Within days of each other, Salman Rushdie and Leonard Nimoy both came to speak at the National Press Club in Washington. I attended both sessions, hoping to play the fool and deliberately get the two men confused. “Mr. Rushdie,” I planned to ask the great writer. “In episode 16, is it true that you and William Shatner were having an off screen tiff?”
Of course I chickened out. But asinine juvenility aside, my temptation was a telling one, and not only because of Rushdie’s Vulcan-like features and comparatively subdued and logical demeanor. (Just look at that interesting angular face and tell me you haven’t thought “alien” at least once.) Rushdie, you see, has passed beyond the shadow of infamous intellectual and emerged into the spotlight of celebrity, adopting the roles and ephemera that such a passage implies.
Nimoy may be an American icon, but Rushdie’s is a face known worldwide and associated with far more than just pop culture. The author of one of history’s greatest English literary works (Midnight’s Children, winner of the Booker Prize and the “Booker of Bookers,” an award for the best book to have ever received the former prize), he was guaranteed fame in at least authorly and scholastic circles. When his fourth novel, The Satanic Verses, caused the Iranian theocracy to declare a fatwa, which demanded his death for the book’s perceived anti-Islam content, Rushdie became much more. He was thrust into the roles of icon, a hero of free speech, a symbol of the tyranny of religious persecution and, depending upon one’s political slant, other less circumspect roles: goat, heretic, prophet, apologist and political cabalist.
Ironically, like all writers, Rushdie had sought the role of iconoclast, not icon. His books are known for their unfettered phraseology, wholeness of people and for their tendency to throw a knowing wink at normally protected institutions like government, religion, and the military. In this sense at least, the fatwa has served him well, lending him an air of authority when dealing with issues of personal and international security and the veracity and sanguineness of the artist’s voice.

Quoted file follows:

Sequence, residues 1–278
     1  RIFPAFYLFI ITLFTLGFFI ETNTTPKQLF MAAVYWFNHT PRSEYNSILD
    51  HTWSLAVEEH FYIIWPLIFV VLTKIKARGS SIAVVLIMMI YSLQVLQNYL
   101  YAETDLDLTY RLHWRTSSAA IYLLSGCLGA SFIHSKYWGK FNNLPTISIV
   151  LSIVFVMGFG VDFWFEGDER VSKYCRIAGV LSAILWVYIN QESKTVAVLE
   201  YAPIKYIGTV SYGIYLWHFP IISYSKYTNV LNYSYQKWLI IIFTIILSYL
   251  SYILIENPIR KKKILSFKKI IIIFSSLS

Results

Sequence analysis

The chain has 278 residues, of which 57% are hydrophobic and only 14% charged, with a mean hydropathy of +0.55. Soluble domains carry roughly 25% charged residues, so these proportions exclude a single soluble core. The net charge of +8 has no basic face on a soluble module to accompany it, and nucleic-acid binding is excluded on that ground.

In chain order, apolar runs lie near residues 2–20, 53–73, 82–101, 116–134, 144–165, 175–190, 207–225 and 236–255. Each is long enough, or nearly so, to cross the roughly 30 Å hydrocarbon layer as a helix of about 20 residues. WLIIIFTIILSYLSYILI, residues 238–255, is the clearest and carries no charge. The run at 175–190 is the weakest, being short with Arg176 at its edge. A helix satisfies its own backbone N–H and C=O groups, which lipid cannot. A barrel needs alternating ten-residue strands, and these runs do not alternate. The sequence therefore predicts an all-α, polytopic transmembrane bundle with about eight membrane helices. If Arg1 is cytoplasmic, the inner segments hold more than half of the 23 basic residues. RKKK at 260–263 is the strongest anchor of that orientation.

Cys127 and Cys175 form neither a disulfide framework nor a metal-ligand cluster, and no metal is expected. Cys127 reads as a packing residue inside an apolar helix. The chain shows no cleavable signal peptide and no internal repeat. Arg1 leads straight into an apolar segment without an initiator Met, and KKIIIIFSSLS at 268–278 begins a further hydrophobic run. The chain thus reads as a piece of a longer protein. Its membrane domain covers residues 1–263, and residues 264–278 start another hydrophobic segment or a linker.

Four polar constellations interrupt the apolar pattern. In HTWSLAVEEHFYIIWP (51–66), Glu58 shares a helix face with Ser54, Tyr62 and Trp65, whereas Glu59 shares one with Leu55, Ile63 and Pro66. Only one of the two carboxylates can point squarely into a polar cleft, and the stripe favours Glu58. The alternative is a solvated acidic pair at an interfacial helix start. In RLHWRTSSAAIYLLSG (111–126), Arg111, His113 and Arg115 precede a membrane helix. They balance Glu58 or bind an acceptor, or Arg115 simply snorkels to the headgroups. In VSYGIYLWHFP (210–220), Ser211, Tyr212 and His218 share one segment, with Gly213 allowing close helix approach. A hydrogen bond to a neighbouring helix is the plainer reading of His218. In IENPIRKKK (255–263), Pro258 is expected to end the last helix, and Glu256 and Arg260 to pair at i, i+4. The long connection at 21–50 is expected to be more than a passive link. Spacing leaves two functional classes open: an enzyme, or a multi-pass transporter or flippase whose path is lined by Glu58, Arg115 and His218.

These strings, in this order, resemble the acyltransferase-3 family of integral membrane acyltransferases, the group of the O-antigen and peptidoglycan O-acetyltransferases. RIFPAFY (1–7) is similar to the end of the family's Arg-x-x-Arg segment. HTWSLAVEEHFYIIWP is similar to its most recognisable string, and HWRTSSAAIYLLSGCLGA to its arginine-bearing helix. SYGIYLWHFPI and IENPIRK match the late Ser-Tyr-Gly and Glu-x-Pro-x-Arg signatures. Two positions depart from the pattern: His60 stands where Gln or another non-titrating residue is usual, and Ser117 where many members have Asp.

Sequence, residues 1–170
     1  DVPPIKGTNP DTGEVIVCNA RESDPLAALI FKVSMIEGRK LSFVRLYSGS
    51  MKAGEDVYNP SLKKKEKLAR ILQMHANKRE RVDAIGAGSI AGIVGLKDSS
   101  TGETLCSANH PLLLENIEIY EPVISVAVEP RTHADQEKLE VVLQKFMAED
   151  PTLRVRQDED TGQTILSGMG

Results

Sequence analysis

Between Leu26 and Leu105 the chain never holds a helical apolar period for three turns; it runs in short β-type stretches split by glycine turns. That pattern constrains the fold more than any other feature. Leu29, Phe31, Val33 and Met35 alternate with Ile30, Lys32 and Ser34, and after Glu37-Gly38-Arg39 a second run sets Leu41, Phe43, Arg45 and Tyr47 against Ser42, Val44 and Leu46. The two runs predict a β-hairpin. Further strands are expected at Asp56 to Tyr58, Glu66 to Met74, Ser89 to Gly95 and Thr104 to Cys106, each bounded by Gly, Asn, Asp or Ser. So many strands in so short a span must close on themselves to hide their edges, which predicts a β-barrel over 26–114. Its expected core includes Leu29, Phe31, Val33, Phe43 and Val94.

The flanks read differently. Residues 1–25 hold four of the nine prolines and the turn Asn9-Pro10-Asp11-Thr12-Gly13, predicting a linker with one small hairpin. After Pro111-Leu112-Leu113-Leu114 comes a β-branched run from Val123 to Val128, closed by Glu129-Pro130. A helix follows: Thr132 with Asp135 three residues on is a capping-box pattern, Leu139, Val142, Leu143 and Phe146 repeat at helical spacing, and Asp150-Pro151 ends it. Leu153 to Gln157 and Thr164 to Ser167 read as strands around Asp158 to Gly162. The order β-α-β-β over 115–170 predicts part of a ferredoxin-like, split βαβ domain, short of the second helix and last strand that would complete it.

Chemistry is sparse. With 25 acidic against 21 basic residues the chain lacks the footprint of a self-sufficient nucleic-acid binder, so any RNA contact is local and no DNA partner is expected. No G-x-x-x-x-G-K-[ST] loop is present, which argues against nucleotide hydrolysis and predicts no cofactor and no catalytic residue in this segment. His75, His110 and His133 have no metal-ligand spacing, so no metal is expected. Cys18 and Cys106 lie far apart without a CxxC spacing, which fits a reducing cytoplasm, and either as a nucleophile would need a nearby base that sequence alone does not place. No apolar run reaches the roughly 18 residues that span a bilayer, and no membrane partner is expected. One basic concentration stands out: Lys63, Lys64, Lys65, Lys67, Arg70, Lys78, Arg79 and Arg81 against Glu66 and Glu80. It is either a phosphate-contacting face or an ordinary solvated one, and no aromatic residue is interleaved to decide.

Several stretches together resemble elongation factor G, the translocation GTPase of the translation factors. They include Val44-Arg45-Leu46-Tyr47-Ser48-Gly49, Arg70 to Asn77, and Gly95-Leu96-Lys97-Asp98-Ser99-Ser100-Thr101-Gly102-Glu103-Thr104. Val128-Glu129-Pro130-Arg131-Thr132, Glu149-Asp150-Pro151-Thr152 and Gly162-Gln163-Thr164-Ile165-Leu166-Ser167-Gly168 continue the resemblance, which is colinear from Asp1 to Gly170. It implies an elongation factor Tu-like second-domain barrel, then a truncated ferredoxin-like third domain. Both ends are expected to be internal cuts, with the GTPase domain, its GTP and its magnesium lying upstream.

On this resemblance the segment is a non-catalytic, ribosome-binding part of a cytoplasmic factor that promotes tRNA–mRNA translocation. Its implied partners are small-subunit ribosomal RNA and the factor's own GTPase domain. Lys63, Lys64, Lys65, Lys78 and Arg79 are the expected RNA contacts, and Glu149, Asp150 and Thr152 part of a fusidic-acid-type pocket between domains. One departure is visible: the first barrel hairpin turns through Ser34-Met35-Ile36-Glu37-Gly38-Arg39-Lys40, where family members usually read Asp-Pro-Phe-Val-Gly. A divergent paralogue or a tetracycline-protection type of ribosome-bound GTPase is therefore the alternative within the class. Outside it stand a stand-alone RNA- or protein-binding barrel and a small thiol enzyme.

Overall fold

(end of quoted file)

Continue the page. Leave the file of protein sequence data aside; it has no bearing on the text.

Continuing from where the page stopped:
Rushdie himself cites as an influence the Urdu poet Faiz Ahmed Faiz, who through verse taught young Salman the “Writer’s Job” as being both a private artist and public commentator. From this tradition arises Rushdie’s latest book, Step Across This Line, a collection of essays, speeches, letters, and newspaper columns written over the past 10 years and encompassing his thoughts on all manner of things, including life under the fatwa—what he calls his “plague years.” It is clear he is striving to once again embrace the poetic voice and the poet’s political license, his years of plague seemingly having inoculated him against fears of unpopularity or derision.
Step Across This Line is an intriguing work for its contextual positioning of a rag-doll Rushdie to be buffeted by history’s unpredictable winds. An unintentional irony has him beginning the book with an odd essay about his fascination with The Wizard of Oz, the ultimate tale of windstorms and otherworldliness. Rushdie’s fascination with The Wizard of Oz pops up time and again in his nonfiction, serving as a motif for his unique position between worlds of ancientness and modernity, East and West, theocratic and secular governance, the black and white dull world of Dorothy’s Kansas and the bright fantastical literary world of Oz.
Between Kansas and Oz is a rainbow boundary, a line over which Rushdie bids us step. He reminds us of Voltaire’s claim that writers (and presumably all supposed thinkers) should live near frontiers, so that one can simply step across into a new political sphere should one’s ideas prove unpalatable to those in power. In his live address, though, he laments that Voltaire’s strategy is no longer sound, that the world is now such that no frontier truly abuts a sanctuary anymore; Oz is unattainable for those who transgress as vociferously as Rushdie did.
His transgression has created an author of melancholy, though he would surely refute such a characterization. There is a tone of loss that hums beneath the brazen prose of Step Across The Line, one that hints at regret and dismay. It’s a sentiment not echoed in the book’s ostensible content, however, which makes bold and unapologetic political proclamations. To live under decree of assassination is, it seems, an opportunity for an artist of Rushdie’s caliber to embrace Faiz’s dictum, to exist in the entire world of ills simultaneously, while essentially being restrained in a cage. And to be compelled to monitor a world of miseries is to unavoidably have one’s joyful core challenged. In his address, Rushdie proclaimed that the world of the Ionian philosopher Hericlitus is dead: the way we live our lives no longer determines how our lives will end. In other words, good people are increasingly getting screwed. Rushdie’s novelized characters therefore exist in political scenarios in which the world external to the protagonist, and not his internal machinations, defines the course of his life.